Cookie consent

AstroBin saves small pieces of text information (cookies) on your device in order to deliver better content and for statistical purposes. You can disable the usage of cookies by changing the settings of your browser. By browsing AstroBin without changing the browser settings, you grant us permission to store that information on your device.

I agree
Contains:  NGC 40
Getting plate-solving status, please wait...
NGC 40, The Bow-tie Nebula, 



    
        

            Steven Bellavia
NGC 40, The Bow-tie Nebula
Powered byPixInsight

NGC 40, The Bow-tie Nebula

Technical card

Imaging telescopes or lenses: Bellavia Mini 114mm f/4 Newtonian astrograph

Imaging cameras: ASI224MC

Mounts: Celestron AVX Mount

Software: SharpCap Pro 3.1

Filters: L


Dates:Aug. 10, 2018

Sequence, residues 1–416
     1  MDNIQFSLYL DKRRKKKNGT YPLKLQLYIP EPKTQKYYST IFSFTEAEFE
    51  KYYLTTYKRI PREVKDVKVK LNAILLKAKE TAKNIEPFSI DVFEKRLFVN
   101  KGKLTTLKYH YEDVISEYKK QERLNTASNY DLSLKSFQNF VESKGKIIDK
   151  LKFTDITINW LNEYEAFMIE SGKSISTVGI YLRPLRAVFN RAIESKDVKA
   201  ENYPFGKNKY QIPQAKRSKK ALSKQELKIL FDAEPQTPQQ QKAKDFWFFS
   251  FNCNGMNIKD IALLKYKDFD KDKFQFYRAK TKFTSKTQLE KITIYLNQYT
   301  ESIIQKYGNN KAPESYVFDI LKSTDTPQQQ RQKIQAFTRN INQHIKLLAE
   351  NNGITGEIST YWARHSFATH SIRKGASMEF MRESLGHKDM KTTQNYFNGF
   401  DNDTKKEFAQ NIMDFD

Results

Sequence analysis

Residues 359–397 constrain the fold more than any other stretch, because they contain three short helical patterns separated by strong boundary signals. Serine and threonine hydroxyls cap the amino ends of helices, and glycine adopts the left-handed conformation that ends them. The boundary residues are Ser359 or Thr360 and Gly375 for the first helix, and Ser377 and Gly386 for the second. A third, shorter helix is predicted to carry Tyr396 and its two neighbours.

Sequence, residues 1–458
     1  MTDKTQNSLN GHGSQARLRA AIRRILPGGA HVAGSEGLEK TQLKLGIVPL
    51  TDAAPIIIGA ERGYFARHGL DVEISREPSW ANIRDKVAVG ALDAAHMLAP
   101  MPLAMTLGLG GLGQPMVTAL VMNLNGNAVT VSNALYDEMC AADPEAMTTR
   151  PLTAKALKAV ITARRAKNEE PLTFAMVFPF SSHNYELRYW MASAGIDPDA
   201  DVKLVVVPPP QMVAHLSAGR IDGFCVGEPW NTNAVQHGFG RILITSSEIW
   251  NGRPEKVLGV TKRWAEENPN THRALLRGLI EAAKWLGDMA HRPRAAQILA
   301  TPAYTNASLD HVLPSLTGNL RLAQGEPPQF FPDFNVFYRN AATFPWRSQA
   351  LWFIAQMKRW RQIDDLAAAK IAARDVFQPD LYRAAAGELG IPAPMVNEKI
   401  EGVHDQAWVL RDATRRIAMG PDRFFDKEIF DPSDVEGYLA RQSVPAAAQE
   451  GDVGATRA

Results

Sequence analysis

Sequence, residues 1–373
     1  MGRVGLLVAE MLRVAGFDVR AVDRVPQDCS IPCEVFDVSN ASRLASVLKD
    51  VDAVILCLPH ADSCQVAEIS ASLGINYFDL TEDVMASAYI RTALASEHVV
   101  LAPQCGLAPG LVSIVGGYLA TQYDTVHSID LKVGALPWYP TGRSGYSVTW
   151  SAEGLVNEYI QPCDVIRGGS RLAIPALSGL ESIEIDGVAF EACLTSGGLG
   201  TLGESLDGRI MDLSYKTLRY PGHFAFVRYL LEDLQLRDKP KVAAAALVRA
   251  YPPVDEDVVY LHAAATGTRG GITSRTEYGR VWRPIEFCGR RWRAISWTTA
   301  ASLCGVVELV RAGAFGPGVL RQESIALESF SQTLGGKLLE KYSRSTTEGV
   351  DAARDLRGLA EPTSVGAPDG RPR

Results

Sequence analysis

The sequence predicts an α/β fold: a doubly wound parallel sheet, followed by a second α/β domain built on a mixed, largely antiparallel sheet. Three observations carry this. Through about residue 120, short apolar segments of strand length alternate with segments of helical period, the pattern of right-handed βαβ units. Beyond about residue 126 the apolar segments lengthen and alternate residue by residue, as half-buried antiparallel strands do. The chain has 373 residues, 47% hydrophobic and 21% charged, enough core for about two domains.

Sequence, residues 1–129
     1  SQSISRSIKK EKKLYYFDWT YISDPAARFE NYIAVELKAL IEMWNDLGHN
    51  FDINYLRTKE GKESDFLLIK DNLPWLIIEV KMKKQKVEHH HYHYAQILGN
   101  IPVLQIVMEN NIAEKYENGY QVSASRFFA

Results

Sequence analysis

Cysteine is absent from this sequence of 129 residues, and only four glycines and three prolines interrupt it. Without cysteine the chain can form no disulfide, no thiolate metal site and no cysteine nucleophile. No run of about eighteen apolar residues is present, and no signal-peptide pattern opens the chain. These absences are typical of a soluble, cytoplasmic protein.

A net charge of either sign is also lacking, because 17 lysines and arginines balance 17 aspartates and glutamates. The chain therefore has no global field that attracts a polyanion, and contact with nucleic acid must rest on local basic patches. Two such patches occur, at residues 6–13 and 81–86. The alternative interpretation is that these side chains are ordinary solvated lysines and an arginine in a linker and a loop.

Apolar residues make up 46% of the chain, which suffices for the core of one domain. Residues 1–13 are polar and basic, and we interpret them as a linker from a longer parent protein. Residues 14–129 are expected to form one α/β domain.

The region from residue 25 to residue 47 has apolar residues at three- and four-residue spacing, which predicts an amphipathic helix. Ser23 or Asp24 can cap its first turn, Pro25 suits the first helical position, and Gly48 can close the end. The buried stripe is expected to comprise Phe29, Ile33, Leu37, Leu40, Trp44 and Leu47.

Frames:L: 152x10" (gain: 200.00) bin 1x1

Integration: 0.4 hours

Darks: ~20

Avg. Moon age: 28.46 days

Avg. Moon phase: 1.28%

Bortle Dark-Sky Scale: 3.00

Temperature: 20.00


Basic astrometry details

Astrometry.net job: 2194408

RA center: 0h 13' 0"

DEC center: +72° 31' 19"

Pixel scale: 1.720 arcsec/pixel

Orientation: 291.904 degrees

Field radius: 0.307 degrees


Resolution: 1068x712

Data source: Traveller

Description

NGC 40, the Bow-Tie Nebula, Caldwell 2, is a planetary nebula discovered by William Herschel on November 25, 1788, and is composed of hot gas around a dying star. The star has ejected its outer layer which has left behind a smaller, hot star with a temperature on the surface of about 50,000 degrees Celsius. Radiation from the star causes the shed outer layer to heat to about 10,000 degrees Celsius,[ and is about one light-year across. About 30,000 years from now, scientists theorize that NGC 40 will fade away, leaving only a white dwarf star approximately the size of Earth.

Comments

Author

bellavia
Steven Bellavia
License: None (All rights reserved)
941
Like

Sky plot

Sky plot

Histogram

NGC 40, The Bow-tie Nebula, 



    
        

            Steven Bellavia